LESS than a quarter mile of open scrub and cactus stretched between the road and the place where the old springs once flowed. A bridge and walkway had once made a path to the hot pools, and guests of the Diablo Springs Hotel had made the short journey by foot. In the pictures he’d seen, decking had been built up around the springs where bathers could sit and dangle their feet into the water. Now it was all overrun, devoured by the hot sun and burn¬ing grit of the desert. Only the bridge remained intact. As he pulled closer, he could see what was left in ruins around a black sinkhole. The railings were splintered and busted and stuck up from the remnants like broken bones.

Following the road to the huge indentation in the ground, he watched the horizon devour the last glow of sunlight. In the fresh dusk, he stopped, hopped out of the truck, and went around to help Analise down. She was so small and fine boned—he couldn’t touch her without want¬ing to protect her. And now, with the baby coming, he had that much more to worry about.

The air was thick and close, hinting at the heat that morning would bring. The low scrub crept right up to the sides of the dirt road, looking like it might try to take it over very soon. Beyond, a wild assortment of spiky and thorny desert plants sprawled out over the abandoned grounds, some blooming with wild pinks and corals. Not a blade of grass was in sight.

The land was tough, barbed, dead inside. Abandoned and hard to love. He felt an instant connection to the place.

“So I looked it up on the Internet,” he said. ‘This used to be like some Wild West town, not as big or famous as Tombstone, but pretty bad. Outlaws and gunslingers. No one major got shot down, to make it, you know, legendary. But people came here because of the hot springs. Used to be right here.”

He pointed to the black ravine ahead. It had shocked him the first time he’d seen the pictures of it. It looked as if a giant lightning bolt had plunged sideways into the flat earth, leaving a hole straight to hell. Dry now, like the crackling air. Hard to imagine it had ever held healing waters.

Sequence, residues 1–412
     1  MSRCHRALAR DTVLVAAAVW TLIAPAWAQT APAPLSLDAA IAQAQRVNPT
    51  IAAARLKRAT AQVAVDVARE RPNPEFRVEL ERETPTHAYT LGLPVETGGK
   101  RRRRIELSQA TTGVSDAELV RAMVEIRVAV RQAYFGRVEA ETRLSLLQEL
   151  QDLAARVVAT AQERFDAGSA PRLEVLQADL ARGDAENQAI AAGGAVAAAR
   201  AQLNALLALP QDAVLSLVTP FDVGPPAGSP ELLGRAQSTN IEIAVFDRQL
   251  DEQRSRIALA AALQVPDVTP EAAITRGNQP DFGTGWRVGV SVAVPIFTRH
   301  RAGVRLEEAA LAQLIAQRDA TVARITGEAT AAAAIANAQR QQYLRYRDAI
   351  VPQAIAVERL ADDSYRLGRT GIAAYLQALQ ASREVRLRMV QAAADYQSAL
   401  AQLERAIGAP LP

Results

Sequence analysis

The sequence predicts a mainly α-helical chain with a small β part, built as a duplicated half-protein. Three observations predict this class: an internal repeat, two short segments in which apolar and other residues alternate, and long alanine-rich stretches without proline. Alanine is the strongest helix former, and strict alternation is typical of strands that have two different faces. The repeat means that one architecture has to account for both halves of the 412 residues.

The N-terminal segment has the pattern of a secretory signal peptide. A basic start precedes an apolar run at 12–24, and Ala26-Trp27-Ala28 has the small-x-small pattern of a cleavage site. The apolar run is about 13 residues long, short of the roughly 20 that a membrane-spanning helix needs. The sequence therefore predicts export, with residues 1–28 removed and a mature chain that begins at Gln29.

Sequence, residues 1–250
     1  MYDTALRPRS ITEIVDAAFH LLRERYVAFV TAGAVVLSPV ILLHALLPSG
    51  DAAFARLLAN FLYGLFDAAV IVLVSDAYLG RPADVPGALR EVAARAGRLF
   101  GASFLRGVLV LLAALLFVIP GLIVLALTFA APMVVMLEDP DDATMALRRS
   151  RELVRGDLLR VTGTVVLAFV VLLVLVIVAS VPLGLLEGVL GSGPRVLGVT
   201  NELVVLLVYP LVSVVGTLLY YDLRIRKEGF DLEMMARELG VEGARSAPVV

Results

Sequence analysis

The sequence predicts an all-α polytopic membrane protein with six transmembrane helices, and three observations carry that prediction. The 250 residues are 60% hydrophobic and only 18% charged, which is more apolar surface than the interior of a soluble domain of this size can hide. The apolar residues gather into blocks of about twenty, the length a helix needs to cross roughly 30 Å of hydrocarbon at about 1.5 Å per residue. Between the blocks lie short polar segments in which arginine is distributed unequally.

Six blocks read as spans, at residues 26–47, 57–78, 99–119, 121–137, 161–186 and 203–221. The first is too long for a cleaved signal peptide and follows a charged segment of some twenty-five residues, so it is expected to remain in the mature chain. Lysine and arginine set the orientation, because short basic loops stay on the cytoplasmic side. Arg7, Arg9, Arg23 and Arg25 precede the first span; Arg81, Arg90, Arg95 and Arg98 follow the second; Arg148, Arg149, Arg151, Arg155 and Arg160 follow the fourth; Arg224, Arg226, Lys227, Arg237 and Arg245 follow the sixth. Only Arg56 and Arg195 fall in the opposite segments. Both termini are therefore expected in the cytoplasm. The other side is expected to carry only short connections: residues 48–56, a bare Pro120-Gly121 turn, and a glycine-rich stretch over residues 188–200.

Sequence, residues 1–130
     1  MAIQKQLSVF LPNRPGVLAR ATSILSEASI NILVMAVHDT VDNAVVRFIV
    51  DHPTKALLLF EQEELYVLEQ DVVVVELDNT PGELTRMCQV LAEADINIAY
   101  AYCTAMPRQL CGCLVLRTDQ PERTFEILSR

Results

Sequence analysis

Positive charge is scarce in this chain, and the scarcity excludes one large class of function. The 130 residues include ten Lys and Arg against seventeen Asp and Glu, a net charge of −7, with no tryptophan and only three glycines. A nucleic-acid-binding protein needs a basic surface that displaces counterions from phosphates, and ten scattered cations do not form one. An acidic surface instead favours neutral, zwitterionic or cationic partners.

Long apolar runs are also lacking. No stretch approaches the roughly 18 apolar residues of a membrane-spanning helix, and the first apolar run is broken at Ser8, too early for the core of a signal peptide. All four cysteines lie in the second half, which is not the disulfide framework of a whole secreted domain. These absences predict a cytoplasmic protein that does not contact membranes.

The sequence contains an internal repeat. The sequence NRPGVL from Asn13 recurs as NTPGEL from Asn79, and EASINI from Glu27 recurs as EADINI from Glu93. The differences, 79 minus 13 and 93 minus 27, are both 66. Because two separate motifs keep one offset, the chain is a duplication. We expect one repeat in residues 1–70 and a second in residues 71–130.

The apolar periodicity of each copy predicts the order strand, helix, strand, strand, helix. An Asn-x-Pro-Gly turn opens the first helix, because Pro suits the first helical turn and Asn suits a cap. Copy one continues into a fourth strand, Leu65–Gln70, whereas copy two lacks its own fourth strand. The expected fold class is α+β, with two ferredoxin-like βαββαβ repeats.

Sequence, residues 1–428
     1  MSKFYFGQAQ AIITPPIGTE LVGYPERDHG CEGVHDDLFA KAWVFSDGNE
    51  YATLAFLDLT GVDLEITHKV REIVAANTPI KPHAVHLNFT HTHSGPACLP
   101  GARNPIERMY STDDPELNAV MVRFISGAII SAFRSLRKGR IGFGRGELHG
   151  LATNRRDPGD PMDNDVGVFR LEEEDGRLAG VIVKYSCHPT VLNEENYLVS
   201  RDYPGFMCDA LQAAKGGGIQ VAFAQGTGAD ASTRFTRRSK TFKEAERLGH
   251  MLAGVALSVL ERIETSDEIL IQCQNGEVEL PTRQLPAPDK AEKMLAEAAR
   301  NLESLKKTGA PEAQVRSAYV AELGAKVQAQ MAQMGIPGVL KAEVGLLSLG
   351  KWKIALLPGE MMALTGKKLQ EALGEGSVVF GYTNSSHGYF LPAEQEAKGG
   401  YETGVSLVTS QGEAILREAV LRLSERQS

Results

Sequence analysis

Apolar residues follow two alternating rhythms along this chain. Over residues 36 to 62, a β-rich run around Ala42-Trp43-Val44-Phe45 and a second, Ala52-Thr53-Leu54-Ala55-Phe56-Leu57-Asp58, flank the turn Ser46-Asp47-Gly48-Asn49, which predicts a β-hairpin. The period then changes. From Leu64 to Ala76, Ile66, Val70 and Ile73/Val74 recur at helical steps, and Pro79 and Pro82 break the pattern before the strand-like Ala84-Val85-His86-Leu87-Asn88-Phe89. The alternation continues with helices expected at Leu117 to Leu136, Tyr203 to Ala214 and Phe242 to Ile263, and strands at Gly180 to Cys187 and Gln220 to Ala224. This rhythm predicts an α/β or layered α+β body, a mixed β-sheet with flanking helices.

Analise looked at the dirt fissure, unimpressed by its his¬tory. She turned away from it and stared out at the silhouett¬ed town. A few lights twinkled in windows as night worked its way into homes. Her expression, her reaction to his sur¬prise, wasn’t at all what he’d imagined.

He reached in the back seat and pulled out a blanket, which he spread over an unlikely patch of even ground. As he smoothed it down he discovered a miniscule sprouting of what looked like grass. Grass, even here. Feeling some¬how betrayed by it, he twisted it until its grasping roots snapped and then hurled it into the gaping hole.

“Sit down, honey. I brought us a little picnic.”

Analise gave the blanket a nervous look. She held her¬self stiff as a doll, seemingly undecided about which way to face. The town and the ravine were like warring poles and she the metal pin in between. Brendan frowned.

“I don’t like it here, Brendan. Let’s go.”

God, he was such an idiot to have brought her here. It was nothing but dirt. Just like him.

“Go where?” he said bitterly. “Maybe to the Ritz? You think I got that kind of money?”

Analise looked instantly contrite, which only made him feel like a bigger shit.

“Brendan, I’m sorry. This was a great surprise. I do want to see it all, but it’s getting really dark.”


“It’s ... I mean ... Don’t tell me you don’t feel it?”

In fact, as she spoke, pointing out the clustering dark¬ness, he realized he did feel it. The entire place seemed strangely ... disturbed. The air held a tension, a feeling of violation, a sense of hostility. Brendan shook his head. Freaking himself out like a kid in a haunted house, that’s what he was doing.

“You afraid of the dark now, honey?”

Her smile was small and forced.

He got up and went to the truck where he rummaged for his flashlight, hoping its batteries were still good. He turned it on and a pale, buttery beam chased back the shad¬ows. It waned after the initial burst, but held.

“Better?” he asked.

Analise nodded without much conviction. “I guess.”

“Apparently, this used to be built up,” he said, hoping to distract her with some facts about the place. “You can still see some of the decking,” he went on, aiming the pathetic beam of the flashlight at the ruins. “And right over there, see that big house? That used to be the saloon and whore¬house. So what I read, was, there’s a myth that the whole place is cursed and one day it just dried up.”

“What dried up?”

“The hot springs,” he said, irritated.